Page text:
Student Athletes Reflect on Passing of Kobe Bryant

"Tomorrow is not promised, so they need to do things today."

Brendan Keany
January 27, 2020 - 8:05 pm
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BUFFALO (WBEN) - In a high school gym more than 2,500 miles away from Los Angeles, the Sweet Home varsity basketball team finished its Monday afternoon practice a mere 24 hours after learning of the sudden and tragic death of megastar Kobe Bryant.

If you drove from Buffalo to Los Angeles and back six times, Kobe would still have 3,643 more career points than the number of miles you drove.

"It's unbearable; it's gigantic - it's something that's beyond basketball," said Head Coach Brandon Woods. "Kobe was such an icon as far as work ethic, as far as doing things the right way."

Kobe made "doing things the right way" an art form - a way of approaching life that Woods wants to instill in his own team as they navigate high school.

Although Kobe was more toward the middle/end of his career by the time juniors Silas Fairclough and Dominic Lewis were old enough to appreciate his greatness, the monumental nature of his death wasn't lost on their young minds, as legends transcend generations.

"I fell in love with Kobe when I was like 6 years old," said Fairclough. "I was a little kid watching him on the TV, going on YouTube and watching his highlights and stuff. I looked up to him."

"It kind of caught me off guard because it's Kobe - he's a hero," Lewis added. "You don't expect someone like him just to pass out of (nowhere)."

For Woods, Kobe's career directly lined up with the height of his fandom. As the story of the helicopter crash started to spill out in little bits across social media Sunday, Woods says he went from disbelief, to shock, to sadness.

"This is a very, very tough one for me personally because in my era growing up, I graduated in 2002, Kobe was my Michael," Woods began. "I was young enough where I remember seeing Michael play in his six championships, but I vividly remember all five (of Kobe's) championships from when I was a kid, all the way to my adulthood...This is probably one of the biggest icons in my lifetime...that struck a chord with me emotionally to the point where it brought me to tears as a grown man."

Of course, the layers of tragedy became even greater when we found out that Kobe's daughter Gianna, as well as seven other people, also perished in the crash.

As a father of three, Woods struggled to imagine his family in that position.

"That just broke me," he said. "If something was ever to happen to me and happen to one of my kids, and now my wife and the other two kids have to live without that, that's something that made me hug my daughter and hug my two boys tight."

In our younger years, we're often prone to that feeling of invincibility. Hell, as a 24-year-old writing this, death seems so distant a concept that it's impossible for me to fully comprehend the idea of finality. However, the death of Kobe and his 13-year-old daughter certainly provided enough of a shock for me to step back and re-examine priorities. For two high school basketball players with their whole lives in front of them, the suddenness of his death made them do the same.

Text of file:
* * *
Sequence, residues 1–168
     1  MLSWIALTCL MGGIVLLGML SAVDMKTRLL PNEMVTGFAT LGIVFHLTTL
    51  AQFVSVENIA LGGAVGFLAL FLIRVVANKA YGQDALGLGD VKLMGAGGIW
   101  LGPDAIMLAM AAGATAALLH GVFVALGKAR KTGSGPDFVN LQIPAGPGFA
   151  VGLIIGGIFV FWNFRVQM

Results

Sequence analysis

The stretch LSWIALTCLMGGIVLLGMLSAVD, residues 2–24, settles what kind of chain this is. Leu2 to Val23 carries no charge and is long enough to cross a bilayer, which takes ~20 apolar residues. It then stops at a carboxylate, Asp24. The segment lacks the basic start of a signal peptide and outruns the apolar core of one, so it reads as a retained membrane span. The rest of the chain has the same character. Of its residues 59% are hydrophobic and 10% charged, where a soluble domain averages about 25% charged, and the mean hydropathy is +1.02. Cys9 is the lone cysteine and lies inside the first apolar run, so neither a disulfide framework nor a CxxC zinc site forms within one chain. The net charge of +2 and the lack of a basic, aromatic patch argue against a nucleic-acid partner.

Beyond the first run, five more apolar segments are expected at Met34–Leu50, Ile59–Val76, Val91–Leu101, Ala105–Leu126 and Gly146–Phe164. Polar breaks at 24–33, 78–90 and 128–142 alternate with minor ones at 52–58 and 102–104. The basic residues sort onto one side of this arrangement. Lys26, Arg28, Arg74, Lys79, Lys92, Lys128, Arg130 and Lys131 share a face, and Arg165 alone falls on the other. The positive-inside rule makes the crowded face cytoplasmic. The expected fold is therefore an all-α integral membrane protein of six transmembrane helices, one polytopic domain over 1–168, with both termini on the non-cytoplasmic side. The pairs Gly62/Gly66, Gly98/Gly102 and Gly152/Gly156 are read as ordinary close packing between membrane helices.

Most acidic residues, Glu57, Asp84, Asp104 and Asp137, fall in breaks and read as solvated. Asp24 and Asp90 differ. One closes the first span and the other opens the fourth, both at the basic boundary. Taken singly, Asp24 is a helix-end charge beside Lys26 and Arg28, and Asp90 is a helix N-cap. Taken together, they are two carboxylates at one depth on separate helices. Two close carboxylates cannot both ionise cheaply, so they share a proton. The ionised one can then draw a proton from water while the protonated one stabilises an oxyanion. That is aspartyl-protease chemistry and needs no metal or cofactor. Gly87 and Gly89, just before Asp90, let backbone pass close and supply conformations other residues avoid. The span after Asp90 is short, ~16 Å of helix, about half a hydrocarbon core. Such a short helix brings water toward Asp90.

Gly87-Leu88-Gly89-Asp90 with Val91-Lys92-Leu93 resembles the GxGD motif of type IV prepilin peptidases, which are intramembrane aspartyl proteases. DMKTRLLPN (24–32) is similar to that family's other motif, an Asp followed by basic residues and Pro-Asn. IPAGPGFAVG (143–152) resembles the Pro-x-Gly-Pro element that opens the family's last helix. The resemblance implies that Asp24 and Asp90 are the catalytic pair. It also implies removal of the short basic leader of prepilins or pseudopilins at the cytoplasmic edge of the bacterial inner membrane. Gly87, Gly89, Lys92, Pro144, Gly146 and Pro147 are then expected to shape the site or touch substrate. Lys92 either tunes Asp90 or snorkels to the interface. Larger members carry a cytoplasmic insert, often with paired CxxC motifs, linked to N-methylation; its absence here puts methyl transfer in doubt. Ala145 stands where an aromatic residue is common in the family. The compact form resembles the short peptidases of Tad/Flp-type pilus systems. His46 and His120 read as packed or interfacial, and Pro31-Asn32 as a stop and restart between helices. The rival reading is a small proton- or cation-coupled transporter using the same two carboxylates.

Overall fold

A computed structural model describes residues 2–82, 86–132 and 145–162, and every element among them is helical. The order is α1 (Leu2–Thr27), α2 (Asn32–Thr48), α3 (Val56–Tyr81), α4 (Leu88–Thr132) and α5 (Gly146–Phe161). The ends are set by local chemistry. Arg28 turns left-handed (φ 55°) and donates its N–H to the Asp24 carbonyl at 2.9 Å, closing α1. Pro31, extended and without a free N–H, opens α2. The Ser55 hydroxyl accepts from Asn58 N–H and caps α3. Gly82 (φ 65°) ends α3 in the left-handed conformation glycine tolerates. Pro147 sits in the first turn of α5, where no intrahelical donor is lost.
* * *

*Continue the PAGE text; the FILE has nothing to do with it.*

"It kind of just shows you how fast life really comes at you," said Lewis. "One day you're just having fun with your family and friends, and then one day you might not ever see them again. It made me realize I've got to enjoy every second that I have; I've got to make the most out of everything that I can do...and just do what I can to make others around me happy and to make myself happy."

"It just goes to show you that you never know when one of your loved ones can leave you," said Fairclough. "When I saw on ESPN, it was Jay Williams, he was saying how if you've got beef with your family or if there's something going on, just squash it because it's still your loved ones. You never know when it's your last 'hello' or last 'goodbye.'"

Living for the moment.

As Fairclough mentioned, social media has been flooded with posts of sorrow, encouragement, inspiration, and unity as we all try to accept the fact that one of the icons of world culture is gone. Just like that. 

Kobe Bryant transcended basketball, and really, he transcended sports as a whole. The Mamba Mentality is an idea, and ideas never die.

"Put it in perspective," Woods began. "We keep talking about how we're fighting for our basketball lives over here at Sweet Home, which we are, but that's such a small thing. It's in the context of of what we're trying to do as a basketball team and as a family, we keep talking about family, but it's bigger than that. I try to tell these guys every day that you don't know when things are going to be taken from you...these kids can turn an ankle, mess up a knee, a car accident...they need to understand that tomorrow is not promised, so they need to do things today."

Listen to the full interview below:

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